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My dad (Fireproof) and I are building a new OCC chopper to replace my bike that was stolen after this year's Rat Bike Rodeo. Look here for some background info . . . viewtopic.php?f=1&t=31862
We had some frames and parts kicked down to us by RRB forum members Kuttnhack and davethecreep to get us started . . . THANKS GUYS!
I decided that since I’m getting taller, I better make this bike a bigger one . . . and thus, my new, stretched OCC chopper was born. The first step was to take measurements from my dad’s Schwinn Spoiler and from a stock OCC bike and then compare them. I then decided that while the difference was about nine inches, I would stretch it two thirds of the way towards the Spoiler . . . six inches.
Here it is after its been stretched . . .
That's where the cut was made and tack welded . . .
Here's a close-up. Those spots on either side of the seam are plug welds where we inserted tubing to reinforce the joint.
Note in the first photo how the top tubes don't line up, but that won't be a problem much longer . . . we plan to fix that! We tacked that short piece of square tubing in betwen the top tubes so that I could take it for a test ride to see if I liked how much I stretched it. But before this could take place, I learned how to use a chain breaker tool to extend the chain to fit the bike's new length.
Thanks for the compliments! The chain is now in place and I took a test ride. Good thing my dad put duct tape on the top bar so I wouldn't scratch my leg during the test ride.I love having a bike that actually fits me. After measuring the bike, we realized that we actually only stretched it about 5 3/4" as opposed to 6. But, we are going to have the opportunity to move the seat back an inch or so . . . and the longer frame will permit the seat to be slammed down to the frame which will add to the looks . . . but first, to take care of that scary lookin' top bar!
Our neighbor Mr. Lee was getting rid of an old exercise machine and my dad saw this bar on the machine and he thought it might be useful for something so, we’ll see if it’ll work for us . . .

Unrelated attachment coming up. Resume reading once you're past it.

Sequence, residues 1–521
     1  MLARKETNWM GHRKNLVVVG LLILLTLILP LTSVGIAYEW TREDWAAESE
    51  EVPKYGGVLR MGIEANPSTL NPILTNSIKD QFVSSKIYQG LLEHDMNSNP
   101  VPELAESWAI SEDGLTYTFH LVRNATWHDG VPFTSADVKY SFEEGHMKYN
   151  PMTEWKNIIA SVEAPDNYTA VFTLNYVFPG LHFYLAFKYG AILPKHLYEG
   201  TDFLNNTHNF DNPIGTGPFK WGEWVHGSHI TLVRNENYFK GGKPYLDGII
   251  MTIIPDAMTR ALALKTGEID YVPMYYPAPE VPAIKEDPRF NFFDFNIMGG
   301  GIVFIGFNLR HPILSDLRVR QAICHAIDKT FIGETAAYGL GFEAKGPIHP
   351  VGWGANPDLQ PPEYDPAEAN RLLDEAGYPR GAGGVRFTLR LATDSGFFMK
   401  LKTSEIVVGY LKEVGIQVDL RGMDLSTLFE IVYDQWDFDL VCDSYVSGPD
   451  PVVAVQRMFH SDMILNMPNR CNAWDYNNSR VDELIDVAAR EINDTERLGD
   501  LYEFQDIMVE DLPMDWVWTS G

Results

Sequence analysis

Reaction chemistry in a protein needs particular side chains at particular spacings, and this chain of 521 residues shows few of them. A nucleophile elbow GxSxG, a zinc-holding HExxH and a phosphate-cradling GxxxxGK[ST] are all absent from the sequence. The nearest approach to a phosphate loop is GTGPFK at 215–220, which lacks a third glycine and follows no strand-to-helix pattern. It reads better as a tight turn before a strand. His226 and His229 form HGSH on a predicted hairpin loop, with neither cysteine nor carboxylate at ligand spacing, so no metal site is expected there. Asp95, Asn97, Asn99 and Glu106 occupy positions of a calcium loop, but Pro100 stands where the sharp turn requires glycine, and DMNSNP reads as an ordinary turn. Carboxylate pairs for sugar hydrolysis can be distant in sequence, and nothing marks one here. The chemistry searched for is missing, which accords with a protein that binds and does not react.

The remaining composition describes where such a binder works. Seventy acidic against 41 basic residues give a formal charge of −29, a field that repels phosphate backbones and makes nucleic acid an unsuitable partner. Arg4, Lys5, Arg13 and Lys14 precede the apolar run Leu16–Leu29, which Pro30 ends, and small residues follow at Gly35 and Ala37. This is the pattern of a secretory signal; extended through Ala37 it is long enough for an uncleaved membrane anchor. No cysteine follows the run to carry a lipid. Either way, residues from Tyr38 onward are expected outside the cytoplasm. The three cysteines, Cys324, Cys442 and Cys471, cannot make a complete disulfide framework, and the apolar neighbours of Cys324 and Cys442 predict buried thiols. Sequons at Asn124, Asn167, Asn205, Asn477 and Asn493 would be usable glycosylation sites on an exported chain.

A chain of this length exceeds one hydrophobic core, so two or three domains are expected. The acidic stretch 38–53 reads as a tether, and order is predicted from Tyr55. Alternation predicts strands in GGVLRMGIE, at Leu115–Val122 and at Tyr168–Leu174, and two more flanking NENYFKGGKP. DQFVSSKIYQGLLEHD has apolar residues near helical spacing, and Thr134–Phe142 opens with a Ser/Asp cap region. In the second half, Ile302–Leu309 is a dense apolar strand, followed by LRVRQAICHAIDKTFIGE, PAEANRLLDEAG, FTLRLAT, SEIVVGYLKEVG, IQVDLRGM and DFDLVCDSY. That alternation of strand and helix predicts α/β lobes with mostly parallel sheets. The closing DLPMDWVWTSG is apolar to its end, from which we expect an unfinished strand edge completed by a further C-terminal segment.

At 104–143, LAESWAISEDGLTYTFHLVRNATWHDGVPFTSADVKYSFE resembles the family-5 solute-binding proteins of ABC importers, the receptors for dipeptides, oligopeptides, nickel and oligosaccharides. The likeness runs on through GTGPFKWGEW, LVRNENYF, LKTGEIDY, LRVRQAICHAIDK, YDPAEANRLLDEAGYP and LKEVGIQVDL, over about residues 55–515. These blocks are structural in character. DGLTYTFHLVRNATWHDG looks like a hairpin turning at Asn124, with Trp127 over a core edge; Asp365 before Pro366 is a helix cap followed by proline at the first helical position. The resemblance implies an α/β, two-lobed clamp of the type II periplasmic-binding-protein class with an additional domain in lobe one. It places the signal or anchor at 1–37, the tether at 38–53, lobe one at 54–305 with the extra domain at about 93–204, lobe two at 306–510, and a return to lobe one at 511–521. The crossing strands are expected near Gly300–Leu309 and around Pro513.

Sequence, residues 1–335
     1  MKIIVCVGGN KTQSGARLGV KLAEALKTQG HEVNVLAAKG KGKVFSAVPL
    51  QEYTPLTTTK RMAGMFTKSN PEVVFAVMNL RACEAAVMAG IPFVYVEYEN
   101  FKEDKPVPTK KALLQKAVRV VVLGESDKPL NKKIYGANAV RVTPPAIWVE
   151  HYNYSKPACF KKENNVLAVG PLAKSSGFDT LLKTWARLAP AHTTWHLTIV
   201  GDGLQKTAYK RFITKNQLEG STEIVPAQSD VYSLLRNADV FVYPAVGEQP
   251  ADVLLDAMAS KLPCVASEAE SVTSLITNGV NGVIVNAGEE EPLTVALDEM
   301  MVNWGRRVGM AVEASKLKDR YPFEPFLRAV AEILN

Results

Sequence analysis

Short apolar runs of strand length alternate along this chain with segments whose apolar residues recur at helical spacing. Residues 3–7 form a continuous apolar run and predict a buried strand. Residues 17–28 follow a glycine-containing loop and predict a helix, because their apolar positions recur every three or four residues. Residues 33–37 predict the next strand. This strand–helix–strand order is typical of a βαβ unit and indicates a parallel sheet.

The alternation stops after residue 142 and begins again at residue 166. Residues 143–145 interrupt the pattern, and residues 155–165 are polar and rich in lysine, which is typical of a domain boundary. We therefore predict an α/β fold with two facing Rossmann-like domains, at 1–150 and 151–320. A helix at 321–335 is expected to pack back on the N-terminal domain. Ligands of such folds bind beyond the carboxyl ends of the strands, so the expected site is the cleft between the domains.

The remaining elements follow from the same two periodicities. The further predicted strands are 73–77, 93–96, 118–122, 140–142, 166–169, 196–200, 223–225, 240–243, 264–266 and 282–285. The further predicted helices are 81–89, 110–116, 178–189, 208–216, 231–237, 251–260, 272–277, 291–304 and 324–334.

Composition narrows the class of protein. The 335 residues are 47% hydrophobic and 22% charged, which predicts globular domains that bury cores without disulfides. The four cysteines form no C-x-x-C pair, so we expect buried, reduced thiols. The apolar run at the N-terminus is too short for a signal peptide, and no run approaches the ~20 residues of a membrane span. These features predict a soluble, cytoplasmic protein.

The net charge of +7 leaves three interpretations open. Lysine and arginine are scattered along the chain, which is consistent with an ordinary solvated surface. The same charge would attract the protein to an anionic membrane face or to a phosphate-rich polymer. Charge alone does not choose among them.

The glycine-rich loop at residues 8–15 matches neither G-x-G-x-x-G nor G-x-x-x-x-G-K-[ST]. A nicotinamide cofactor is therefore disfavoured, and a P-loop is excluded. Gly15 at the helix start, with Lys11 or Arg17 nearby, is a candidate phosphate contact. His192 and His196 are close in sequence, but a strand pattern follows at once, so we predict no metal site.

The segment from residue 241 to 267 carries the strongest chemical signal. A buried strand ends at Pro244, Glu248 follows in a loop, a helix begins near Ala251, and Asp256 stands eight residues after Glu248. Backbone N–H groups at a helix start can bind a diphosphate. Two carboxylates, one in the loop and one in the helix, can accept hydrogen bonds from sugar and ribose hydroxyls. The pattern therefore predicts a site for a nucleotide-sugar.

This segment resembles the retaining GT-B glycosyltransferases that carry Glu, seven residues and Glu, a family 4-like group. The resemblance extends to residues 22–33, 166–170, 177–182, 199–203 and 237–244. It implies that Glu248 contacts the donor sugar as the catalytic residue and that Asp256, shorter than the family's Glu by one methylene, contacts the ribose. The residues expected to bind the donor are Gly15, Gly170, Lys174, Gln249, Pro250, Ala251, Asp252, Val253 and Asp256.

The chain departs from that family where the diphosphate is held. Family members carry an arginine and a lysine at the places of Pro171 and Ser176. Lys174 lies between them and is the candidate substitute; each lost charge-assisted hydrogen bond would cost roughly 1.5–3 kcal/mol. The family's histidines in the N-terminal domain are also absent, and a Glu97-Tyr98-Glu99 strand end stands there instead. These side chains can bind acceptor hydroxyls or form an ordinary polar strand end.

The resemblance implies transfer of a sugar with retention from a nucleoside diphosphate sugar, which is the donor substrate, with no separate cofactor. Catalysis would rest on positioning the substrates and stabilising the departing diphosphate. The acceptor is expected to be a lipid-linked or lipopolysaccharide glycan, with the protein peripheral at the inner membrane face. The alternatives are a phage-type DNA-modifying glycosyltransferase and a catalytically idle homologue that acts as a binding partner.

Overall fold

My dad let me take the picture and he said it would be cool if I showed you my Converse.
I started to cut out the top bar with a cutoff wheel . . .
Alas, the cutoff wheel would not reach the inside of the tube so I had to use a mini hacksaw . . .
Here's what it looks like after some work with a 60 grit flapper wheel . . .
Now it looks like a girls bike!
Always cool to see the youngsters getting into building projects. Thats how I got into, by building streetrods with my dad. Keep up the great work kid!!
Thanks for the positive comments!
After we cut the top bar out, we decided that the splice should be farther back, towards the seat post. That way the curve of the new top tube would transition more smoothly into the back of the frame. And, as a added benefit, the weld would be hidden under the seat. So, I trimmed the tube shorter . . . however, the new top tube is round, whereas the original Schwinn top tube was oval-shaped. So, we used the cutoff wheel to make four slits.
The slits allowed us to hammer on the oval to fit the shape of the new tube.
Here's the joint at the head tube, ready to be welded.
My dad says its WAY past my bedtime, so that’s it for now.
Here’s how it looks with the new top bar welded in. That tube didn’t look this good when it was part of Mr. Lee’s home gym!
This week, my nice dad got me a new hub and a few other things. This is my new coaster brake hub. It is a coaster so that when I paint my rims I wont have the paint ruined by the brake pads. And, as an added bonus, we won’t have a brake cable protruding from the handlebars. The chain tension adjusters will save the paint on the dropouts while keeping the chain tight. We will trim the screws later.
A big thanks to Alan at Choppers U.S. for the super fast service.
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